What is a backstory? Simply, it's the story of what has happened to your characters before they reach the first page of your novel and how all those past events of their lives have affected them. Without a backstory, you plop your characters into the current moment of your story as if that's the first day of their lives.
In the previous session, you wrote resumes for your characters. These list the schooling, work history, and achievements of each one. This information is vital, but it only gives you the framework.
The backstory for each character will fill in the details. A good way to write the backstory is to write a tell-all biography about each of your characters. Concentrate not only on what has happened to them but how they reacted and handled or mishandled the events of their lives. For example, does the character always withdraw from confrontation or does he/she charge through life with an attitude? Why?
You want readers to discover the depth of your characters from events in the book. By knowing the backstory, you'll be able to weave just enough of their history into the story, so your readers will come to understand their motives and anticipate their actions and reactions.
Don't look on devising the backstory for your characters as a chore. You needn't waste your best writing on this task. In fact, it's okay to devise your backstory in list form.
For example:Let's say Don is one of your main characters. His backstory might contain some of these items:
- He was born in Samson, Michigan.
- His mother died when he was 7. His father was devastated and ignored Don's needs.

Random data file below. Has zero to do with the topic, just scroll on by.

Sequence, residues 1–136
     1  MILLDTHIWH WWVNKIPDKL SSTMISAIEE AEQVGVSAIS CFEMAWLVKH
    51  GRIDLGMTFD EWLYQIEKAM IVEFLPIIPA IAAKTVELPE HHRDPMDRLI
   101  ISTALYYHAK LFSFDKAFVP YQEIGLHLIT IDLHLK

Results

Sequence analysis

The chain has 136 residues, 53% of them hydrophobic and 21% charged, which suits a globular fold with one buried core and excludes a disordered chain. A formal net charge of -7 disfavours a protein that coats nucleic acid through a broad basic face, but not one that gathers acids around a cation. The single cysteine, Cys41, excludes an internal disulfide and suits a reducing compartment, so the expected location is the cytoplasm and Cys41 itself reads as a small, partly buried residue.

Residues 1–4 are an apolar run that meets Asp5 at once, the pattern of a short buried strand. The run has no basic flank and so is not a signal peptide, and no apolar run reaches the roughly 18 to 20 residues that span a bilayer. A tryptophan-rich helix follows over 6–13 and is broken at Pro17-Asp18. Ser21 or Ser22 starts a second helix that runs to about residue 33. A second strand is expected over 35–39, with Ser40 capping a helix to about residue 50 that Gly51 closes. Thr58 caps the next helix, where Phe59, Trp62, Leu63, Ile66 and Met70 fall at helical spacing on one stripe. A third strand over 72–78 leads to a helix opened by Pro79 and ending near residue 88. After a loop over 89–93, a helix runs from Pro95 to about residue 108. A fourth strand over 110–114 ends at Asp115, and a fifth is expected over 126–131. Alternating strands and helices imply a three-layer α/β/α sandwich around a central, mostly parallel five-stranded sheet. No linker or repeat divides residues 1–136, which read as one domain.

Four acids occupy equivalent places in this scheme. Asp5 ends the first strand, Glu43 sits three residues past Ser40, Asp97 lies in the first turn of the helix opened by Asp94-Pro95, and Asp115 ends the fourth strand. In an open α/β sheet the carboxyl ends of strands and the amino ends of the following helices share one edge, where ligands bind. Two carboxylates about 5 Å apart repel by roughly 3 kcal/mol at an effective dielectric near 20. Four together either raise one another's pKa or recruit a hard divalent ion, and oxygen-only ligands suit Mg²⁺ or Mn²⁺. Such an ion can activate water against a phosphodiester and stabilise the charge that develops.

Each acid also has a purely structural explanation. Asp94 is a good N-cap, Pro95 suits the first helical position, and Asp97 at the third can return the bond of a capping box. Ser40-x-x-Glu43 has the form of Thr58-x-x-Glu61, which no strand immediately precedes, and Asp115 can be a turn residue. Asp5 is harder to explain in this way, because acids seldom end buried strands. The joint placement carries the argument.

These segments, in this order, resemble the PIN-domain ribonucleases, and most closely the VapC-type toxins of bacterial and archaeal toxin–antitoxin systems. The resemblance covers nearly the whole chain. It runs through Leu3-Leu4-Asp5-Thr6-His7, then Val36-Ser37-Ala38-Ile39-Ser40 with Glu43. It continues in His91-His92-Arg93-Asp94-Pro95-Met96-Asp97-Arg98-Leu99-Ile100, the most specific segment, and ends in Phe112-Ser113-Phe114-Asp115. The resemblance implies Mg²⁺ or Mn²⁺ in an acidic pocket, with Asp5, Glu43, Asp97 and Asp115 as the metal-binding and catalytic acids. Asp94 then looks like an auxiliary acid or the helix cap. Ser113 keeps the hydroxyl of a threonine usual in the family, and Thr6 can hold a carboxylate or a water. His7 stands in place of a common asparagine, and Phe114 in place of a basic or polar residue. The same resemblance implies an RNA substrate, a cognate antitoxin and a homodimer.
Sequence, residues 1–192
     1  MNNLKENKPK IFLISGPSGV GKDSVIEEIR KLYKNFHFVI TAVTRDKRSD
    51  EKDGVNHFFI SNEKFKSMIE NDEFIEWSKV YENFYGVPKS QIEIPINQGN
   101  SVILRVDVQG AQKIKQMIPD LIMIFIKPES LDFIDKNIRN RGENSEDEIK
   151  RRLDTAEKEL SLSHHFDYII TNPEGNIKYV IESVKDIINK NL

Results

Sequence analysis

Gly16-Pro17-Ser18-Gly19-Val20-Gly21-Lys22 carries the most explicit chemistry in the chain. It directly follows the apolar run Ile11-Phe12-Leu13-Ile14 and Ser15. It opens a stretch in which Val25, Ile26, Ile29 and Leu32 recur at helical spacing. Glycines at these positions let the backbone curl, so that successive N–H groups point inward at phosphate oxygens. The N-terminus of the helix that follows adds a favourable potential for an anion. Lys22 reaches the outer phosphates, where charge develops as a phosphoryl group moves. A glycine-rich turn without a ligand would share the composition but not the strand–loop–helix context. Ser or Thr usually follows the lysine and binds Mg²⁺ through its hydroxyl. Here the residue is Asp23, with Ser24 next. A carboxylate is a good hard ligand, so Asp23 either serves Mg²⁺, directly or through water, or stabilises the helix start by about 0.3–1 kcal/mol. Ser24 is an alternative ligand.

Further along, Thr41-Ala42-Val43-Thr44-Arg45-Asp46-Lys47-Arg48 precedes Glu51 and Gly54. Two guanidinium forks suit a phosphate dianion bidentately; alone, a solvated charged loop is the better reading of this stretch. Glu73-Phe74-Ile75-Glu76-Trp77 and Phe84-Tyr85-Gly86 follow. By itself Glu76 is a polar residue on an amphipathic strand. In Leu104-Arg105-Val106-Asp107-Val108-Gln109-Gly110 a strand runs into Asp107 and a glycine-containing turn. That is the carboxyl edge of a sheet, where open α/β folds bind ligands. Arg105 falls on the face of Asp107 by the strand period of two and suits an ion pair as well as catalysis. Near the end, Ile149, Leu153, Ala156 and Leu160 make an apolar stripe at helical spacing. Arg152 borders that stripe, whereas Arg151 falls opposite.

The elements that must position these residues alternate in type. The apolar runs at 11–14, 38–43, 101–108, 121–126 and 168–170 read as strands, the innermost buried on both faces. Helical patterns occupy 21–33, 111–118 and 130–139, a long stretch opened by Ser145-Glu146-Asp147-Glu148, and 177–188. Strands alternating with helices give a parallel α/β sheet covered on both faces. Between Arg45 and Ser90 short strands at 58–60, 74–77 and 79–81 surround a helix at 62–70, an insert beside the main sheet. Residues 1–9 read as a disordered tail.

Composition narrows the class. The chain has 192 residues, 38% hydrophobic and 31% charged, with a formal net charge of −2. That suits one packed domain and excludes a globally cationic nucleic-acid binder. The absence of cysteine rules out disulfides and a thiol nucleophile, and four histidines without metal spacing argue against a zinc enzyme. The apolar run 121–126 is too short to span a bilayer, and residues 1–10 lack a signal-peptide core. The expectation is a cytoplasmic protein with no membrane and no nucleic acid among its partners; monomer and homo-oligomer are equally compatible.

- Don felt he never measured up to his father's expectations; consequently, he learned to tiptoe around his father, so he wouldn't hear how worthless he was.
- Don took out his aggression on others by playing tricks on weaker kids throughout grade school.
- He received average grades in school.
- He didn't make the sports teams in high school.
- He rarely dated; he was rejected by Sally Simpson in high school in front of others on the bus and didn't recover quickly from that.
- He had a natural talent for piano... liked blues the best and would lose himself in music, playing for hours when his father wasn't home.
- He began to date in college and that opened a whole new world to him ... etc.
I imagine you can see where I'm going here. Basically, you make a list of significant past events and the character's reaction to those events. Having a detailed backstory solidly in mind will allow you to get to know your characters as if you grew up with them. When you know the details of each character's backstory, they will begin to take on a life of their own as you write.
In our lives, we all act or react in any given situation based on our history and how our past reactions worked for us. Your characters will do the same. They'll react based on the backstory (or in spite of the backstory if the character is trying to overcome the way he/she has operated in the past). Based on this, I imagine you can see how valuable a backsotry will be to your novel.
It may sound like a lot of work to develop a backstory for each character. However, you won't need the same amount of detail for all of your characters. Obviously, you need the most detail for significant characters. Minor characters may need only a paragraph or two.
A backstory is not only about your characters. In some stories you'll need a backstory about your setting, too. This will especially be the case when you set your novel in a fictional town. In order to maintina consistency, you need to develop the past events of your fictional town and how the people of the town reacted to them.
If your setting is a real town, your backstory is the history of the town. You'll want to have a working knowledge of that town. Your readers will be able to tell when you haven't done your homework. And... they will let you know when you get something wrong.
So, get started on developing backstories for your characters and setting. You'll be thankful you did.